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Researchers draw inspiration from pig snouts to design novel air filter technologies
Since the beginning of human creative activity, nature has served as a source of inspiration. That continues to be true for Saikat Basu, an assistant professor in South Dakota State University's Department of Mechanical Engineering, who took inspiration from a pig's snout to investigate ways to improve air filtration.
"Researchers have not yet tried to design engineering filtration and thermal conditioning devices based on expressions, more specifically the particle capturing trends from the inhaled air and the heat transfer phenomena from the nasal tissues to the air, that are seen in this kind of animal's nose," Basu explained. "This was a novel idea."
Pigs (Sus domesticus) were among the earliest animals to become domesticated. Archeological evidence suggests that pigs were domesticated in China, from wild boar, 8,000 years ago, and more than 11,400 years ago in the region that is now Egypt. Since then, the animal—particularly the pig's snout—has evolved to adapt to a variety of climates.
The nose (snout for pigs) plays a highly important role in both humans and animals. The nose is a key component in any organisms' environmental interactions. When air is inhaled, the nose warms the air through the nasal cavity and air passages to protect key internal organs. This is true for both humans and pigs. Further, the nasal cavity acts as the first line of defense against airborne pathogens, disease, bacteria and other external particles. The winding nasal passages and the resulting complex airflow patterns help capture particles and filtering air.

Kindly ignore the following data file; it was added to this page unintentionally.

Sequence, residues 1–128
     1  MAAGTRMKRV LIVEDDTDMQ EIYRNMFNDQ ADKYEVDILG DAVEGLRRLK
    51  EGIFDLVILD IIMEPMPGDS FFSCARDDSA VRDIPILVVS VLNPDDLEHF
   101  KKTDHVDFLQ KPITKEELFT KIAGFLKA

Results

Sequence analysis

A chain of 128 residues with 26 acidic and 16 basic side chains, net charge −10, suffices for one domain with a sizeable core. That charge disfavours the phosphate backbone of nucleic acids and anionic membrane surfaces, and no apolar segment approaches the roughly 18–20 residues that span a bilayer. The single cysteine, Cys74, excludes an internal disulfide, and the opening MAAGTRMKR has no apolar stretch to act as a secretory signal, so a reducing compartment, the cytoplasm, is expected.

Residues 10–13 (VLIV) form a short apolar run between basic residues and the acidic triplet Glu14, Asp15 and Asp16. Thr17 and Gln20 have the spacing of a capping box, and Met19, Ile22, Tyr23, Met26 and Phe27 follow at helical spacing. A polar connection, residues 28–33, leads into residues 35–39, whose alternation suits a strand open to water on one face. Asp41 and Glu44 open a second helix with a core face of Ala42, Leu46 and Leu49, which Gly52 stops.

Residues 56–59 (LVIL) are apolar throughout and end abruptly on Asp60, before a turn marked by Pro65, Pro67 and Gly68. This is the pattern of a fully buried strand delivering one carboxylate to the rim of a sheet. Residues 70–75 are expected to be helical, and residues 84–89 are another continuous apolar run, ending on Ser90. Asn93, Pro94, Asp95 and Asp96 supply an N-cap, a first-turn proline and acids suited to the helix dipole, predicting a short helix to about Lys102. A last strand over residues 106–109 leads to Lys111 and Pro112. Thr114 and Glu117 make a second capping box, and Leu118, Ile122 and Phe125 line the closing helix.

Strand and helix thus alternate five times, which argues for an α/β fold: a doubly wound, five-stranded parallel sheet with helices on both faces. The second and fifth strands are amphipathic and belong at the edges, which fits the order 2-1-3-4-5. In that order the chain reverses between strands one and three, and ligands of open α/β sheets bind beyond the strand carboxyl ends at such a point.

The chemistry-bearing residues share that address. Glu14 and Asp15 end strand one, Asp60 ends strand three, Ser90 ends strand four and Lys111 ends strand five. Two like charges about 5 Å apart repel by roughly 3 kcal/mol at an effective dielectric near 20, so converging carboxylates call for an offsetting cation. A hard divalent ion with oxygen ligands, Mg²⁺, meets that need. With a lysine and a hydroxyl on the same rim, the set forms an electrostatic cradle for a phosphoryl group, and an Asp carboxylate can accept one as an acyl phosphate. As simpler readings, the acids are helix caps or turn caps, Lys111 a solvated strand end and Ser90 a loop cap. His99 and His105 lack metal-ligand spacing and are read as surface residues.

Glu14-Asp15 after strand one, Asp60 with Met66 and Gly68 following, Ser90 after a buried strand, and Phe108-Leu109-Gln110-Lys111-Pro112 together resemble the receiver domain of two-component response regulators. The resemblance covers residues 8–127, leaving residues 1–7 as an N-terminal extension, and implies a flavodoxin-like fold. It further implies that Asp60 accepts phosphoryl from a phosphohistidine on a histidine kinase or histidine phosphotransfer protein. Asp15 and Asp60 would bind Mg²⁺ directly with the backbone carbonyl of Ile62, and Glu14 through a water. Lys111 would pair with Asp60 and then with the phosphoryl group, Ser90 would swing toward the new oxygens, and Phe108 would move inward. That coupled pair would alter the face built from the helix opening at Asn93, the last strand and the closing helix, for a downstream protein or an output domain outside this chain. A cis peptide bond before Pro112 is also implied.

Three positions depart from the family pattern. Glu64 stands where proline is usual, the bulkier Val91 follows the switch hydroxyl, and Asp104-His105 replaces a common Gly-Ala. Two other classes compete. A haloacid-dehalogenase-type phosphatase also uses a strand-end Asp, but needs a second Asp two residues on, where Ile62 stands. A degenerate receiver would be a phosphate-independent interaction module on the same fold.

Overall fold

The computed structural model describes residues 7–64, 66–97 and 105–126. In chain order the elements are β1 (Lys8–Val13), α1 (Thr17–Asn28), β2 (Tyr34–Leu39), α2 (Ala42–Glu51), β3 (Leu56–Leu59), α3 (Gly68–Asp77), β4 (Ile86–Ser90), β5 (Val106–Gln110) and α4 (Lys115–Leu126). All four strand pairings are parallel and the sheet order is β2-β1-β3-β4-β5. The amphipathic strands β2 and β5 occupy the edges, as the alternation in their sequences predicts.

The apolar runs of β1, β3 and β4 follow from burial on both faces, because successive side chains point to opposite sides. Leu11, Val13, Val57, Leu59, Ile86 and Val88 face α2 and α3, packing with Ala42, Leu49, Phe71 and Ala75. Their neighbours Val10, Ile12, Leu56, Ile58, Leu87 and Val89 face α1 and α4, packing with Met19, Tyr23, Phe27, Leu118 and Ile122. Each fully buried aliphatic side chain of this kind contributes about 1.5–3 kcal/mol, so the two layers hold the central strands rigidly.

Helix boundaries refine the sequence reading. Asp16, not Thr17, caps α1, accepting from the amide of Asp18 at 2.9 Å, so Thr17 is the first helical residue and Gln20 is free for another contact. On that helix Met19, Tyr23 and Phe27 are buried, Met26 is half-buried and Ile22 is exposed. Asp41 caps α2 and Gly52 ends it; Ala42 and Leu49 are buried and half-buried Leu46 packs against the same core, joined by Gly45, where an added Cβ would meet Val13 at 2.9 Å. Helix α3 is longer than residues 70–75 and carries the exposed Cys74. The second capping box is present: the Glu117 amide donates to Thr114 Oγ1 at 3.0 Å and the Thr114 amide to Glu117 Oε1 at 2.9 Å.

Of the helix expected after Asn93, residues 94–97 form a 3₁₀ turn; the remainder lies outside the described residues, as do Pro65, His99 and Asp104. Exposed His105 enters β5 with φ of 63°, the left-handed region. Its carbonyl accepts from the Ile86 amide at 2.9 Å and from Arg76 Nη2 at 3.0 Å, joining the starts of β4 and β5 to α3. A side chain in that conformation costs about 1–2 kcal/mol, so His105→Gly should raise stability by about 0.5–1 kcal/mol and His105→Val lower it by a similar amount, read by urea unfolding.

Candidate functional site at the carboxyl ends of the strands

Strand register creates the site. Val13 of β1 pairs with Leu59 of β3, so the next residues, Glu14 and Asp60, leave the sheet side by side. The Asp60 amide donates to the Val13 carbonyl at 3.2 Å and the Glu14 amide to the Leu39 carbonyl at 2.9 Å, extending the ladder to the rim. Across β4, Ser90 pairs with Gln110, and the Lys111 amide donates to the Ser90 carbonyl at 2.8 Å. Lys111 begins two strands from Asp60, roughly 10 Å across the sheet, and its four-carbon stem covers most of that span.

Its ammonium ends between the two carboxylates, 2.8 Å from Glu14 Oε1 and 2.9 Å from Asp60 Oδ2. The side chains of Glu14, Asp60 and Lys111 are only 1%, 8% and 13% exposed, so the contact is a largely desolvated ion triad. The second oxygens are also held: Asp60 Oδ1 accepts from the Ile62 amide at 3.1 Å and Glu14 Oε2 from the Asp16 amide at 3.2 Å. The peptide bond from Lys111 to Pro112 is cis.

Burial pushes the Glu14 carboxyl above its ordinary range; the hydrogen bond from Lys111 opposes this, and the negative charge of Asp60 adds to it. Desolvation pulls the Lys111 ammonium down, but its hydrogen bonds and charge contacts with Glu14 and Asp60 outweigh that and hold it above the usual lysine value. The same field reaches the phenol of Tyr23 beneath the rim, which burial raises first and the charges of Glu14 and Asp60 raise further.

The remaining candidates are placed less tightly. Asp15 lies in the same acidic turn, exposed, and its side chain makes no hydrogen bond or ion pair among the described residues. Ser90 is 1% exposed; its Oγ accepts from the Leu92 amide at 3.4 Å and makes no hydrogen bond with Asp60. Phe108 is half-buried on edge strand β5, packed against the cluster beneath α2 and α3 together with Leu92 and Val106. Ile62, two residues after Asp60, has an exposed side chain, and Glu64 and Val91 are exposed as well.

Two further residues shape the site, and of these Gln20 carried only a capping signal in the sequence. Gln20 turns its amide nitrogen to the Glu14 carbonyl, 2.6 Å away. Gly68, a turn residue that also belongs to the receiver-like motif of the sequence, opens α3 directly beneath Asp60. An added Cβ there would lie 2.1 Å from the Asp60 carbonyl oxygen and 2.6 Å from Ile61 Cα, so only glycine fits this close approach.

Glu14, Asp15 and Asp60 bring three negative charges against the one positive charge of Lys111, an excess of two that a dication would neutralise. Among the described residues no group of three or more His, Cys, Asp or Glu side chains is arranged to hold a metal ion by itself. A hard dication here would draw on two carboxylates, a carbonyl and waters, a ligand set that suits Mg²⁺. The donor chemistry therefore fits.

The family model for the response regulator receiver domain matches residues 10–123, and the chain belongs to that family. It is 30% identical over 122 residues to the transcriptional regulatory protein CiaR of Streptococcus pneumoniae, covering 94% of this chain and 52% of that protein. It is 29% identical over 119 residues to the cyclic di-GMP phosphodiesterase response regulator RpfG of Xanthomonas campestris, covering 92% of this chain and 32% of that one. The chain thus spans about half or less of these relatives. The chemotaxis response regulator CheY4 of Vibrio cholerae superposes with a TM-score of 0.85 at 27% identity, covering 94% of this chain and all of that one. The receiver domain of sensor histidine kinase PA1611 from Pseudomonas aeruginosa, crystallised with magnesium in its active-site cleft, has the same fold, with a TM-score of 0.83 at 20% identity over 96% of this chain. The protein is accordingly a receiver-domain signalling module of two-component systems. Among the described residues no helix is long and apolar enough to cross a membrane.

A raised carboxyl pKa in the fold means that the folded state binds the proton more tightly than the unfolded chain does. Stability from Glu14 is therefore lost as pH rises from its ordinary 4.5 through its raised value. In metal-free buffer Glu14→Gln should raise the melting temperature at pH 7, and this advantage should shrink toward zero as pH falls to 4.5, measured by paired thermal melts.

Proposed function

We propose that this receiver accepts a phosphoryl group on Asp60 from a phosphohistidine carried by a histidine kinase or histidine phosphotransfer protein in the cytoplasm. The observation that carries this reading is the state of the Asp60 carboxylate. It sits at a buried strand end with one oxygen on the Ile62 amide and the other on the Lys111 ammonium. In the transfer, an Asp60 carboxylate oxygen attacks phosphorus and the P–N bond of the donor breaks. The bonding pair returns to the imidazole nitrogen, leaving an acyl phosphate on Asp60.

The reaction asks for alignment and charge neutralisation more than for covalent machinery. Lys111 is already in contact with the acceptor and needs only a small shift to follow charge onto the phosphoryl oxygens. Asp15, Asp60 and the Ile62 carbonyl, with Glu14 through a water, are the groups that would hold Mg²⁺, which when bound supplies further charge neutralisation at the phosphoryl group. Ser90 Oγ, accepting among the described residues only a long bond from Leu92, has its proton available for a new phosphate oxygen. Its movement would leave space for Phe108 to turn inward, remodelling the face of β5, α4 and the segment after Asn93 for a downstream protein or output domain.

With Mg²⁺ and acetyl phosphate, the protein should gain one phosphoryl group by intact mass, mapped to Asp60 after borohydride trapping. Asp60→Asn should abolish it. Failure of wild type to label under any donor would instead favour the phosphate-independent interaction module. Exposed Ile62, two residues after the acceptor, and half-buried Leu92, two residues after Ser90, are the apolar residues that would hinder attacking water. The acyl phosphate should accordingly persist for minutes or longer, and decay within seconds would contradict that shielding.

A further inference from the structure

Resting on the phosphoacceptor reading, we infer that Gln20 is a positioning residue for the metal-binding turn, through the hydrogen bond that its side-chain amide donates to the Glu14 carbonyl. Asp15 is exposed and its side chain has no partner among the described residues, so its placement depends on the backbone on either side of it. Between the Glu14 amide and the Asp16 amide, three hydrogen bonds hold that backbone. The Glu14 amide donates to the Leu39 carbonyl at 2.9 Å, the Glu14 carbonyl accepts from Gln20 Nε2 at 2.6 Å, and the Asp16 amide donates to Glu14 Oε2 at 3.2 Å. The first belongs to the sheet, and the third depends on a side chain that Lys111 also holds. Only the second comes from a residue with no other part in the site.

Because pigs tend to eat from areas where there is a lot of dust, the snout must be particularly adept at filtering out harmful particles. Pigs have also had to adapt to a variety of climates, creating morphologically complex nasal structures. For pigs living in South Dakota, the snout has become highly efficient in heating up cold, inhaled air.
"Even as human beings, we need to warm up the air before we can breathe it into our lungs," Basu said. "Animals living in colder climates are much more efficient in warming air due to their airways."
If you compare the pig's snout to the human nose—particularly the cross-sections near the sinus cavities—the pig's is much more prominent and tortuous.
"This was one of the reasons why we wanted to look at this animal," Basu said. "We wanted to see if the complex morphology of the area is helping in some way or if they are influencing the fluid mechanics. We also wanted to see if that can be correlated back to No. 1, air particle filtration, and No. 2, heat transfer."
The research was published recently in Integrative and Comparative Biology.
In recent years, improving air filtration has been a point of focus for researchers. Due to the COVID-19 pandemic, understanding how filtration can better capture harmful particles has seen an increased level of research emphasis. In previous research related to this project, Basu investigated ways to improve filtration inside masks.
"Previously, we were working to design filters in a mask that would be as complex as airways in animals," Basu added.
For this project, Basu collaborated with a faculty member at Cornell University—Sunghwan Jung—as well as a faculty member from the University of Illinois at Urbana-Champaign– Leonardo Chamorro. Previously, the team had collaborated on the NSF-supported project that designed filters inspired by animal noses, including pigs, possums and dogs. This project was an offshoot of their previous work.